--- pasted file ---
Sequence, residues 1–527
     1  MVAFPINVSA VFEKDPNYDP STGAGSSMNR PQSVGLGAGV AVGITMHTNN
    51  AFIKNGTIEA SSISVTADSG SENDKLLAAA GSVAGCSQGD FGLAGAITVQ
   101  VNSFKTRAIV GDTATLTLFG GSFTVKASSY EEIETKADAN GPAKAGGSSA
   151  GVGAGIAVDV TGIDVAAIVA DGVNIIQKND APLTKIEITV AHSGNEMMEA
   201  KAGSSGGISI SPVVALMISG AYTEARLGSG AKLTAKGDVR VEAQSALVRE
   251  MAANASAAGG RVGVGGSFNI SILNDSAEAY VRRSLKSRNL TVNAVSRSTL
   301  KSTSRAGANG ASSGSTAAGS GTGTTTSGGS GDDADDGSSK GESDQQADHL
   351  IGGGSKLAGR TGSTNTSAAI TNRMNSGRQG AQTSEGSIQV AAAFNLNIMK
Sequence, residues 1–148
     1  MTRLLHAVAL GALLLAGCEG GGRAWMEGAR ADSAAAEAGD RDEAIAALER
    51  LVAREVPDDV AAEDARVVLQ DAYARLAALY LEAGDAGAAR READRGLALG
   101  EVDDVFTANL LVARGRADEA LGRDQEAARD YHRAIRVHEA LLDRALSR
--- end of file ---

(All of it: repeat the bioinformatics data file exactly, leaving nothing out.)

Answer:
Sequence, residues 1–527
     1  MVAFPINVSA VFEKDPNYDP STGAGSSMNR PQSVGLGAGV AVGITMHTNN
    51  AFIKNGTIEA SSISVTADSG SENDKLLAAA GSVAGCSQGD FGLAGAITVQ
   101  VNSFKTRAIV GDTATLTLFG GSFTVKASSY EEIETKADAN GPAKAGGSSA
   151  GVGAGIAVDV TGIDVAAIVA DGVNIIQKND APLTKIEITV AHSGNEMMEA
   201  KAGSSGGISI SPVVALMISG AYTEARLGSG AKLTAKGDVR VEAQSALVRE
   251  MAANASAAGG RVGVGGSFNI SILNDSAEAY VRRSLKSRNL TVNAVSRSTL
   301  KSTSRAGANG ASSGSTAAGS GTGTTTSGGS GDDADDGSSK GESDQQADHL
   351  IGGGSKLAGR TGSTNTSAAI TNRMNSGRQG AQTSEGSIQV AAAFNLNIMK
Sequence, residues 1–148
     1  MTRLLHAVAL GALLLAGCEG GGRAWMEGAR ADSAAAEAGD RDEAIAALER
    51  LVAREVPDDV AAEDARVVLQ DAYARLAALY LEAGDAGAAR READRGLALG
   101  EVDDVFTANL LVARGRADEA LGRDQEAARD YHRAIRVHEA LLDRALSR